Tom Sutcliffe is joined by historian Kathryn Hughes, artistic director of the ICA Ekow Eshun and writer Antonia Quirke to review the cultural highlights of the week.
Jacques Audiard's film A Prophet won the Grand Jury prize at Cannes last year and is France's entry for Best Foreign Film at the 2010 Oscars. Tahar Rahim plays Malik, a rootless young Arab who we see entering the French prison system. He finds himself treated as a slave by the Corsicans who offer him protection and is shunned by the other Arab inmates, but he learns how to play the game and gradually elevates himself to a position of power.
Iranian writer Kader Abdolah fled Iran in 1985. His opposition to the Khomeini regime as a member of the underground left-wing movement had made his life there untenable. Living in the Netherlands since 1988 and writing in Dutch, his 2005 novel Het huis van der moskee became a bestseller there. Now translated into English as The House of the Mosque, it traces the fortunes of a family through the Iranian revolution.
The Little Dog Laughed - a play by Douglas Carter Beane - has just opened at London's Garrick Theatre. Mitchell (Rupert Friend) is a rising star whose elevation to the movie stratosphere looks assured, so long as he doesn't come out. Diane (Tamsin Greig), his ferocious agent, is determined that both their careers maintain an upwards trajectory and does her best to prise Mitchell away from from his rent boy lover and keep him on the straight and narrow.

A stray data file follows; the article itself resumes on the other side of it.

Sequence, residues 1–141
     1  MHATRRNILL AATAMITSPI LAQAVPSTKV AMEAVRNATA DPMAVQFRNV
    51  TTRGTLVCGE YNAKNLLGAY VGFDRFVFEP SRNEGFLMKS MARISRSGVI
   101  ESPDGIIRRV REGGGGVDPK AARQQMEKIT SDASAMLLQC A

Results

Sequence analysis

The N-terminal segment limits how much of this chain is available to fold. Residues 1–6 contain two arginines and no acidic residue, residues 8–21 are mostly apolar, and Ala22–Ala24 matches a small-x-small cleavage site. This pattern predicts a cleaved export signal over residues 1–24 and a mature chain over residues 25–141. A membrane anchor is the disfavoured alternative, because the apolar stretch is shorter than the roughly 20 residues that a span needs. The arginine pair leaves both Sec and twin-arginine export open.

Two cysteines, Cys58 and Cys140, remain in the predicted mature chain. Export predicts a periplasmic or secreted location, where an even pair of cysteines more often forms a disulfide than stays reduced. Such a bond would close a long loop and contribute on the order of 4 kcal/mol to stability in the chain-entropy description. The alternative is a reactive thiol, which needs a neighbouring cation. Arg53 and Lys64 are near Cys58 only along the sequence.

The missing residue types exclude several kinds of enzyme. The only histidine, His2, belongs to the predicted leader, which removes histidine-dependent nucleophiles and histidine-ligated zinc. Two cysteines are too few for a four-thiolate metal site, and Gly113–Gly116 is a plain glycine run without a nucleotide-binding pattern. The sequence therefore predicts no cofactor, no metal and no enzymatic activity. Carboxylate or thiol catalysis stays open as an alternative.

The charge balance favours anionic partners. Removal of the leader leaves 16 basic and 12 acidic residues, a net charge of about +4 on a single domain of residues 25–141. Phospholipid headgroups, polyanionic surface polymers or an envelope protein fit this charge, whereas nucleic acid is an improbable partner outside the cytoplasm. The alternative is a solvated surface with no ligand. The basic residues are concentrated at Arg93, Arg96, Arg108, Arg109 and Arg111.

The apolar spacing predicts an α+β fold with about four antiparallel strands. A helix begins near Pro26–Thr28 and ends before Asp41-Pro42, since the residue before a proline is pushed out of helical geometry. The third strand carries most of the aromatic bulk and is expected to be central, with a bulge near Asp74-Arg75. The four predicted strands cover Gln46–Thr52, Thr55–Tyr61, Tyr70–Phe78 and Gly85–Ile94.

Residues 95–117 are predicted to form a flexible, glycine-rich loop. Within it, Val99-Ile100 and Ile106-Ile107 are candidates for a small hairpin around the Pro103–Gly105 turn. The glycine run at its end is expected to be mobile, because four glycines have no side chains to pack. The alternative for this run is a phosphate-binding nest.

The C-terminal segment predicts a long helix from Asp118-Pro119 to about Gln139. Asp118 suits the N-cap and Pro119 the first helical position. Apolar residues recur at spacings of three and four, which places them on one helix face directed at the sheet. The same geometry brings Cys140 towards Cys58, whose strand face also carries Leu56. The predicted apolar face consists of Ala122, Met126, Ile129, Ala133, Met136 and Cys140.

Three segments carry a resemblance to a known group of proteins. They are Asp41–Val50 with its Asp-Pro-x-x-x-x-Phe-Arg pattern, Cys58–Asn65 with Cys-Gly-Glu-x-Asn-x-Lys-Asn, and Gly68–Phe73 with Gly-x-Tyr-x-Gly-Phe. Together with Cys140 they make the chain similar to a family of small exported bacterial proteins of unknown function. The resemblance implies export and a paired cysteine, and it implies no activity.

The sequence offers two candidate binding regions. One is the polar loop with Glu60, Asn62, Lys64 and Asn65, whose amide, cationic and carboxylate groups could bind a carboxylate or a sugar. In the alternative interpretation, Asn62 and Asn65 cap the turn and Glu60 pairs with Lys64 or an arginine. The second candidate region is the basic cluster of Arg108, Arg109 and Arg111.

Mrs Mandela on BBC Four is Michael Samuels's dramatisation of the life of controversial figure Winnie Mandela. Starring Sophie Okonedo it begins with Nelson Mandela's (David Harewood) release from prison in 1990 and then travels backwards and forwards in time, between the attempts of a couple separated for 27 years to reconstruct their relationship and what Winnie has experienced while her husband has been in jail.
In The Real Van Gogh: The Artist and His Letters at the Royal Academy, the caricature of Van Gogh as the classic mad artist - his greatness linked to his mental turbulence - is replaced with an account of a phenomenally focused artist obsessed with improving his technical skills and exploring every medium available. The pictures are displayed alongside the letters that Van Gogh wrote to his brother Theo and others - passionate accounts of his ambitions, his frustrations and his ideas about art, often illustrated with tiny sketches of paintings he had already made or planned to.